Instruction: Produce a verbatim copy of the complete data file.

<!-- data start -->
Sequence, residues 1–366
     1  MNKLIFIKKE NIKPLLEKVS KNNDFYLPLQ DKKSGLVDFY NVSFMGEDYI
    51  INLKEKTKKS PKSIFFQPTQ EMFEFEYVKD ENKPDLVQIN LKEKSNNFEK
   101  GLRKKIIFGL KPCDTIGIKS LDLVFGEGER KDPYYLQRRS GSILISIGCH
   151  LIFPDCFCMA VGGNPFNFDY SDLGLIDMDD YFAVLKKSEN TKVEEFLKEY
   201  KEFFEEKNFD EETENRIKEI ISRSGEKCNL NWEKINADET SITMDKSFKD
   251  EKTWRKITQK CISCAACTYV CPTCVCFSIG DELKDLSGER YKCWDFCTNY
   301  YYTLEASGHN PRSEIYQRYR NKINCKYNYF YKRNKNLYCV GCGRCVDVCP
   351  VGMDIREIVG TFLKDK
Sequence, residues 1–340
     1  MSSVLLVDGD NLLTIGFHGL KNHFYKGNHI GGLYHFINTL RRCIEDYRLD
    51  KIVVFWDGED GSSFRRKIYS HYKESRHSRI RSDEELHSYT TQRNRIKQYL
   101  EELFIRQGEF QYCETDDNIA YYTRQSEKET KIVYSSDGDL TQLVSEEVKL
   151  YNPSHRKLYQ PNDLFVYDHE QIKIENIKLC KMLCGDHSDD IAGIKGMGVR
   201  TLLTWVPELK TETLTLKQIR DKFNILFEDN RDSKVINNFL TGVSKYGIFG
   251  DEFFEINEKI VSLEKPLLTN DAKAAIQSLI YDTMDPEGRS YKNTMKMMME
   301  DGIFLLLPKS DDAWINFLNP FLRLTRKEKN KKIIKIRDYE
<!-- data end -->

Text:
Sequence, residues 1–366
     1  MNKLIFIKKE NIKPLLEKVS KNNDFYLPLQ DKKSGLVDFY NVSFMGEDYI
    51  INLKEKTKKS PKSIFFQPTQ EMFEFEYVKD ENKPDLVQIN LKEKSNNFEK
   101  GLRKKIIFGL KPCDTIGIKS LDLVFGEGER KDPYYLQRRS GSILISIGCH
   151  LIFPDCFCMA VGGNPFNFDY SDLGLIDMDD YFAVLKKSEN TKVEEFLKEY
   201  KEFFEEKNFD EETENRIKEI ISRSGEKCNL NWEKINADET SITMDKSFKD
   251  EKTWRKITQK CISCAACTYV CPTCVCFSIG DELKDLSGER YKCWDFCTNY
   301  YYTLEASGHN PRSEIYQRYR NKINCKYNYF YKRNKNLYCV GCGRCVDVCP
   351  VGMDIREIVG TFLKDK
Sequence, residues 1–340
     1  MSSVLLVDGD NLLTIGFHGL KNHFYKGNHI GGLYHFINTL RRCIEDYRLD
    51  KIVVFWDGED GSSFRRKIYS HYKESRHSRI RSDEELHSYT TQRNRIKQYL
   101  EELFIRQGEF QYCETDDNIA YYTRQSEKET KIVYSSDGDL TQLVSEEVKL
   151  YNPSHRKLYQ PNDLFVYDHE QIKIENIKLC KMLCGDHSDD IAGIKGMGVR
   201  TLLTWVPELK TETLTLKQIR DKFNILFEDN RDSKVINNFL TGVSKYGIFG
   251  DEFFEINEKI VSLEKPLLTN DAKAAIQSLI YDTMDPEGRS YKNTMKMMME
   301  DGIFLLLPKS DDAWINFLNP FLRLTRKEKN KKIIKIRDYE